Most ambitious endurance athletes are familiar with carbo-loading. But also many less ambitious athletes have heard of it and employ this technique in more or less helpful ways. After all, it is a great excuse to stuff your face in the name of success. But what exactly does proper carbo-loading entail and when is it beneficial to do it?

The general idea of carbo-loading is essentially a voluntarily induced yo-yo effect. First the body is deprived of carbohydrates. The body “remembers” this state of deprivation and, when given the chance, will not only replenish the storage, but add on a reserve. It’s almost like training. When the body is pushed near or beyond its capabilities, it adapts by compensating beyond the state it was in before the stimulus was applied. The body super-compensates.

So why bring a few more carbs into an important event? Well, carbs, which are stored as glycogen in the body, is speedily available energy, which is required for high-intensity efforts; and those are usually needed for race-winning moves. More carbs = more time in the red zone = better result. Carbo-loading can increase the body’s glycogen stores (in the muscles and liver) by up to 40%, leading to a performance increase of 2-3%.

Sounds awesome! How do I do it? Well the “classic protocol” requires a glycogen deprivation of 2-3 days, during which you eat mainly proteins and fat and exercise vigorously. This is followed by a loading phase of 2-3 days right before the event, during which you take it easy. However, have you ever tried to eat no carbs for 2-3 days? It is miserable.

A much less miserable alternative is the progressive protocol, which leads to about 90% of the effects of the classic protocol. Three days before the event you do a low-carb day. 2 days before the event you perform a short high-intensity session, after which you immediately start carbo-loading. Continue to load the day before the event.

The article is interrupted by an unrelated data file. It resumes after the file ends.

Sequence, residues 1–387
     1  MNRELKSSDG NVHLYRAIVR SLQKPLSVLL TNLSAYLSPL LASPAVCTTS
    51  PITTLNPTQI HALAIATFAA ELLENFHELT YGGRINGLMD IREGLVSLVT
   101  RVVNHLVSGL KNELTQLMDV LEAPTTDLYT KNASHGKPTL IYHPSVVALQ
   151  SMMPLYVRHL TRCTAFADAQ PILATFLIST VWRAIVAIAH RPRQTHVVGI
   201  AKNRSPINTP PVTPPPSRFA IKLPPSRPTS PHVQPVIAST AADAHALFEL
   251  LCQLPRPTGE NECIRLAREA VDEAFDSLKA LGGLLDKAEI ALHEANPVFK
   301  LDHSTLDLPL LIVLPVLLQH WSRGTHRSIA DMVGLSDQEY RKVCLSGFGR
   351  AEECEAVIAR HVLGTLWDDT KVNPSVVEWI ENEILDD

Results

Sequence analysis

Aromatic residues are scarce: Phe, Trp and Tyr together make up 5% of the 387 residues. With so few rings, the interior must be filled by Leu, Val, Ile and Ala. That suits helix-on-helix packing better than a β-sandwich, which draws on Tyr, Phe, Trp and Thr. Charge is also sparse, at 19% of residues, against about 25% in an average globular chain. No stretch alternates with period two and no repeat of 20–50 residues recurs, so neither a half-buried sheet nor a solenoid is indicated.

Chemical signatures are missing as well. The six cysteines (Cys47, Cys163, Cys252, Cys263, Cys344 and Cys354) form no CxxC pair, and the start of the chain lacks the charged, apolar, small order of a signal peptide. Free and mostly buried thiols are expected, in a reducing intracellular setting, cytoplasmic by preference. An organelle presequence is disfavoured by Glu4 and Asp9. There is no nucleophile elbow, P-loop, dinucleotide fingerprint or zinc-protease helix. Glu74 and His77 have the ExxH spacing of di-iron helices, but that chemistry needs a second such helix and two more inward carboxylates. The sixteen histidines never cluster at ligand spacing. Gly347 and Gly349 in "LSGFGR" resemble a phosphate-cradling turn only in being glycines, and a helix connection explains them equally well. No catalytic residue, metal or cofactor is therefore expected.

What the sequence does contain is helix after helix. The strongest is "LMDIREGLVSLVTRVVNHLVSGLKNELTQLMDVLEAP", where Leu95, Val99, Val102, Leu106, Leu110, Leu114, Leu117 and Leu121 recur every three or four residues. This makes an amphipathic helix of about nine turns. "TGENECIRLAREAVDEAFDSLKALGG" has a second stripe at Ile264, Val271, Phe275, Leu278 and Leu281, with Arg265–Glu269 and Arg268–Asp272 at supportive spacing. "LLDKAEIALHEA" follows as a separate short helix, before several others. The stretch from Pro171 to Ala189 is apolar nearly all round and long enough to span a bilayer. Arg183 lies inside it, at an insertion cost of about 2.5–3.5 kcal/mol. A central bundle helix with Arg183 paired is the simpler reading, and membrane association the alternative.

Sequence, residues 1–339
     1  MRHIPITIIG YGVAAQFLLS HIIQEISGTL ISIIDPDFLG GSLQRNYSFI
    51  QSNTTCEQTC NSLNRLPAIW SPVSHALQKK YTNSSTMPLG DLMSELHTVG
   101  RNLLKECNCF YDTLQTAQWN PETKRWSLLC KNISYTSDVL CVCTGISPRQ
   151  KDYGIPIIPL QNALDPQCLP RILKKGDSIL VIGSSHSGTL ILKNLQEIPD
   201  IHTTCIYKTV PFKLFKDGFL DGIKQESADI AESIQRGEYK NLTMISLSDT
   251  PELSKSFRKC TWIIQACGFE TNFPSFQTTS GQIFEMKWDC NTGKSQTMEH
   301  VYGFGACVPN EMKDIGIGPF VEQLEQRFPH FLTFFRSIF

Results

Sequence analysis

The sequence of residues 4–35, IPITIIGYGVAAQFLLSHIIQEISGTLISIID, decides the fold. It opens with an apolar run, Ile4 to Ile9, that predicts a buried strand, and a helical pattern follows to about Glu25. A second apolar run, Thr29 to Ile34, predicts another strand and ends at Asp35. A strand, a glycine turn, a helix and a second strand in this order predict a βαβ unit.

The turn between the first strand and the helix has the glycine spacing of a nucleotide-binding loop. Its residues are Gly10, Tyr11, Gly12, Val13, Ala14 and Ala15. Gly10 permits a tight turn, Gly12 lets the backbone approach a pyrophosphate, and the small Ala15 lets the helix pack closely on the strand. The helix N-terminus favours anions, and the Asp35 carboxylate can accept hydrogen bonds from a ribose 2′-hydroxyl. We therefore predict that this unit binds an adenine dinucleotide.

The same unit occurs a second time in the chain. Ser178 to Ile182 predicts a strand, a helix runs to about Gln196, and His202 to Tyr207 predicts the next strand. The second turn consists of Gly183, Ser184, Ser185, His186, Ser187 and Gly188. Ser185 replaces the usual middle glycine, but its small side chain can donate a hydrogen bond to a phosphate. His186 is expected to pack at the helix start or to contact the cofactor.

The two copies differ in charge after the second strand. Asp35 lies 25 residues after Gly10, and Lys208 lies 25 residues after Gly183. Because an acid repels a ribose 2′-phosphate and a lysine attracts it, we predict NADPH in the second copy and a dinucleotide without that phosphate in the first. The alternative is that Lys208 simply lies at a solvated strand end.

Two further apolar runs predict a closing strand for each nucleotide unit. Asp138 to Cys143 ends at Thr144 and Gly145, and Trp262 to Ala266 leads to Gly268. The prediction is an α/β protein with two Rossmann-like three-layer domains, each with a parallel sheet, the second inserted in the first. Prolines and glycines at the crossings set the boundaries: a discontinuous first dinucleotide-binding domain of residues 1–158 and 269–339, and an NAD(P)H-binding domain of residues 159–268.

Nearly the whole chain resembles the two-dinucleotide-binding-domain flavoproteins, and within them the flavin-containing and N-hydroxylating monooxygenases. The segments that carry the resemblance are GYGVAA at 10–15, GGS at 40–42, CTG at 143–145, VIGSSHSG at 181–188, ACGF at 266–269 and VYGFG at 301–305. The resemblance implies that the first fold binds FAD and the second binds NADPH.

But what does “loading mean”? Stuff your face with as much pasta as you can? No, it means to have a normal to slightly increased daily intake of carbs (about 4-6g per lb of body weight). The prior deprivation is key, not the ability to eat a crazy amount of pasta the night before the race. Stay away from the pasta craze, especially the night before an event. Just eat portions you would normally eat.: just make sure they are carbohydrate-rich.

Also good to know is that one gram of glycogen is stored with 3 grams of water. So if you are, for example, doing a 1h hill-climb, carbo-loading is probably going to have an adverse effect. A bit more than half of a regular person’s 1500-2000 kcal in glycogen are completely sufficient for such an event. If you were to increase your stores by 40% through carbo-loading, you would pack on an additional 1.5-2lb (mainly in water weight), which you would carry for no reason. The rule of thumb is: If the event is less than 2h, don’t carbo-load.

Last piece of advice: beer does not work for carbo-loading. I tried it myself.

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